Mandela’s Long Walk to Freedom Was Also South Africa’s

Idris Elba and Naomie Harris on the set of Mandela: Long Walk to Freedom
Keith Bernstein/the Weinstein Co. via Getty Images

Nelson Mandela’s life contained enough drama, pathos and triumph to make several films based on his story, but the new biopic Mandela: Long Walk to Freedom is primarily concerned with revealing the man behind the legend. And it serves as an important reminder of the power of social movements in the face of political and economic terror.

Based on Mandela’s best-selling autobiography, the movie tells the epic history of an entire nation’s journey from apartheid and violence to freedom and multiracial democracy. At its best, the film adds depth to our understanding of Mandela, the icon of the anti-apartheid movement whose recent death at the age of 95 has triggered a global outpouring of reflection and remembrance. 


Efforts to frame Mandela’s historic legacy began almost immediately after his 1990 release from prison after 27 years. Both supporters and detractors tried to sort through his evolution from dissident leader of the African National Congress—which at one time both the South African and U.S. governments identified as terrorist—to South Africa’s first black president and first democratically elected head of state.

Now, with leading man Idris Elba’s voice-over narration, we get to glimpse the way in which the increasingly brutal apartheid regime helped radicalize Mandela, who came from a royal Xhosa family and started out as a young lawyer. We see the youthful Mandela as a charismatic womanizer who neglects his first wife and kids as he become engrossed in the anti-apartheid struggle after being recruited by ANC leader Walter Sisulu.

And at the heart of the film is the tragic love story between Nelson and his second wife, Winnie, played by Naomie Harris. Decades of separation, mutual bouts of incarceration, allegations against Winnie of infidelity and the murders of suspected informers would test their bond as political soul mates and life partners during the ANC’s bloody guerrilla struggle for liberation.

Making the love story between Nelson and Winnie a central part of the film brought forth a cinematic poetry that personalized the anti-apartheid struggle. Their long walks together, their picturesque wedding ceremony and the palpable chemistry between the actors makes these scenes emotionally absorbing.


But this way of telling the story also comes at a high cost. The complex political terrain is often flattened, leaving all but the most knowledgeable viewer unaware of the complexity of the ideological disputes between the ANC and other anti-apartheid groups and why, by the 1980s, white supremacy in South Africa was slowly dying.

Despite that flaw, the depiction of Mandela’s rise will still hold the audience’s attention over the film’s almost two-and-a-half-hour running time. The atrocities of the white-minority regime—most notably, the 1960 Sharpeville Massacre—are effectively staged. And Mandela’s 1963 trial for sabotage, after he goes underground and renounces nonviolence, is among Long Walk to Freedom’s most powerful scenes.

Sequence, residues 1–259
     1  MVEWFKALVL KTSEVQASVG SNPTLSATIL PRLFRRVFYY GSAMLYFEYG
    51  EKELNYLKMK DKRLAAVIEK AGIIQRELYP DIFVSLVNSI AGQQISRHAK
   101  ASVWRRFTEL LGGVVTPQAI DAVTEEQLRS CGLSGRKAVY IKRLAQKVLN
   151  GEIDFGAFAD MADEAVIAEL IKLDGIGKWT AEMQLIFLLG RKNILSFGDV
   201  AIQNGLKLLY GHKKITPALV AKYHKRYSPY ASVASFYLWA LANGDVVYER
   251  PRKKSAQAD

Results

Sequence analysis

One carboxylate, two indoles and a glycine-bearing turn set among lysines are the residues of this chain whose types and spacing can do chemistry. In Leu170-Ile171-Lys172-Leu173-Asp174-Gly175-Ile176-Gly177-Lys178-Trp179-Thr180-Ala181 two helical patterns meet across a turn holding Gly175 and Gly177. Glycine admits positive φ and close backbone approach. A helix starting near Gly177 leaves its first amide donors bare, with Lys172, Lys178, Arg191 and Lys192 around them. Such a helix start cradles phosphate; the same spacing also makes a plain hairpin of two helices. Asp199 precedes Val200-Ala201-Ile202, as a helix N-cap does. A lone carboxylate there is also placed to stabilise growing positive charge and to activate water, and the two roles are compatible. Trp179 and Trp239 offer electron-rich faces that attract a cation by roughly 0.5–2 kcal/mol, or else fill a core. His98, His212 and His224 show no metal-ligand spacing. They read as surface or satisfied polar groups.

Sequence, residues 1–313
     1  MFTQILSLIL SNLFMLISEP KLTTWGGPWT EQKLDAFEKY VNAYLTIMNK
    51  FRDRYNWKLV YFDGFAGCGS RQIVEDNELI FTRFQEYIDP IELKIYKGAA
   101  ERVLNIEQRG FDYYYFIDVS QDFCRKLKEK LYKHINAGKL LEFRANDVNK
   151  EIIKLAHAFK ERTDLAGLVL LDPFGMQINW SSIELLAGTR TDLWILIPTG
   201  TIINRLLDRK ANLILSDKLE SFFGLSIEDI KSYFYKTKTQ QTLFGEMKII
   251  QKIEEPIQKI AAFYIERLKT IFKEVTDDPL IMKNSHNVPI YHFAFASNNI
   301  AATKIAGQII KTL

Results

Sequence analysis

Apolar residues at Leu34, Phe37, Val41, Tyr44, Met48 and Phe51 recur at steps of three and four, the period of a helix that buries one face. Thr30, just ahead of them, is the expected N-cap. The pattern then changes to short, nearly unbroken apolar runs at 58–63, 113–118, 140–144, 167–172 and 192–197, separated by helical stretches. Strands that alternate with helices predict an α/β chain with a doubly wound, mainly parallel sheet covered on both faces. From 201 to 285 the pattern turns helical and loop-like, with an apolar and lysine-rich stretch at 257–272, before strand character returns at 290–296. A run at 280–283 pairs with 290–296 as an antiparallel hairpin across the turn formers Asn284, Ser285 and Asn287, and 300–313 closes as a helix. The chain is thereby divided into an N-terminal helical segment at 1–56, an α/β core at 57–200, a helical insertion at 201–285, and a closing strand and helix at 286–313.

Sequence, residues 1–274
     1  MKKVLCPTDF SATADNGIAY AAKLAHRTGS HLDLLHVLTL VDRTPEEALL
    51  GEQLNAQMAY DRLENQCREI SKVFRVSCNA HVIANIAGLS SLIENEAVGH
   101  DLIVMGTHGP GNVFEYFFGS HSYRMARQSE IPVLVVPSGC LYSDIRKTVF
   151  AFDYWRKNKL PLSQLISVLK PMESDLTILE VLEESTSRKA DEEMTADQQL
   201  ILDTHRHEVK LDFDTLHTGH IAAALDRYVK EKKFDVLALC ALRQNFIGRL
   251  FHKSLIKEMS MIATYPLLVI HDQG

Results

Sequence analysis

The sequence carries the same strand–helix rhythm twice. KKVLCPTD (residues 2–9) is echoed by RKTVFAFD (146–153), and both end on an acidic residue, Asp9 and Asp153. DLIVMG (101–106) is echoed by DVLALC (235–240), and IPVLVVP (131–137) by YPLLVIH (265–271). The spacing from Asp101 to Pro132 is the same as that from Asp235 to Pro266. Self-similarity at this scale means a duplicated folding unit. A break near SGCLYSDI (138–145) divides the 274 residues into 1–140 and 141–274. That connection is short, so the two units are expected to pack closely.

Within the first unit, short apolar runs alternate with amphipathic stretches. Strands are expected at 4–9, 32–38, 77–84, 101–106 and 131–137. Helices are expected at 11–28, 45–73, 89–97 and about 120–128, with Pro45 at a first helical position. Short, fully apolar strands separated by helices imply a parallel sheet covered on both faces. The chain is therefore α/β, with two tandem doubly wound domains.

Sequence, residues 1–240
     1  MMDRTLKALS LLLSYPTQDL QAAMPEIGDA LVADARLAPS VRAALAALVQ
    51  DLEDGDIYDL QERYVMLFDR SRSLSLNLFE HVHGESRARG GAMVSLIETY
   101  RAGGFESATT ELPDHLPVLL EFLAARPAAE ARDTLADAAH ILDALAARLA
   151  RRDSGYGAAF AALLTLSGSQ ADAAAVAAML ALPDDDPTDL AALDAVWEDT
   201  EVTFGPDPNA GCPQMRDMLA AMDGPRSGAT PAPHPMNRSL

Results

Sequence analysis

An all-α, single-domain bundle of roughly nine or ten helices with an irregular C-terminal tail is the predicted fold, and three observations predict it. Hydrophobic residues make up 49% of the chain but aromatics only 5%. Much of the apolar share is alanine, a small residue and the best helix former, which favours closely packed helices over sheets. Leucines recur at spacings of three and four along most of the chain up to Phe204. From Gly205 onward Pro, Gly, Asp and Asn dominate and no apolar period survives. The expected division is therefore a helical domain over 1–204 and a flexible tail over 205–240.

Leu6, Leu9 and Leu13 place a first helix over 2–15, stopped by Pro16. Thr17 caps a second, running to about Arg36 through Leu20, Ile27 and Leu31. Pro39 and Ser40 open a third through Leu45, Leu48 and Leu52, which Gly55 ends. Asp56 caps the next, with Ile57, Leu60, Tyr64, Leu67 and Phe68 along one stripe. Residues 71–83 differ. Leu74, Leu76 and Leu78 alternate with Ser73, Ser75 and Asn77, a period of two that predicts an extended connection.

Its depiction of prison life on Robben Island highlights the brutality, loneliness and isolation that Mandela faced, with Elba turning in a disciplined performance that conveys the anger, sadness and disappointment of being ripped from his family. By the time Mandela’s daughter Zindzi visits him in prison, we get a sense of the personal loss extracted by his political convictions.

Almost three decades in prison transformed Mandela. He forswore the kind of bloody reckoning that some South Africans called for, eventually forgave his jailers and at one point, on national television, told his countrymen that if he could do so, then the people of South Africa could do no less.


The film works better as a personal biography of Mandela than as an account of the ANC and the movement that helped liberate him and build a new nation. And the ANC’s conscious decision to make Mandela the symbol of a larger human rights struggle is, for much of the film, largely unacknowledged. Mandela himself would be the first to admit that the struggle against apartheid in South Africa was far larger than one man, no matter his contributions or significance; many heroes of the struggle perished long before freedom came to their homeland.

In the end, though, seeing South Africa’s long walk to freedom through the narrative of Nelson Mandela’s life opens a window on the stories of the thousands gone—whose stories won’t ever make it to the screen—and offers enduring lessons to ensure that their sacrifice was not in vain.


Peniel E. Joseph, a contributing editor at The Root, is founding director of the Center for the Study of Race and Democracy and a professor of history at Tufts University. He is also the Caperton fellow for the W.E.B. Du Bois Research Institute at Harvard University. He is the author of Waiting ’Til the Midnight Hour: A Narrative History of Black Power in America and Dark Days, Bright Nights: From Black Power to Barack Obama. His biography of Stokely Carmichael will be published next year by Basic Books. Follow him on Twitter.

Peniel E. Joseph, a contributing editor at The Root, is professor and founding director, the Center for the Study of Race and Democracy, the Lyndon B. Johnson School of Public Affairs at the University of Texas at Austin. He is the author of Waiting ’Til the Midnight Hour: A Narrative History of Black Power in America, Dark Days, Bright Nights: From Black Power to Barack Obama and Stokely: A Life. Follow him on Twitter.

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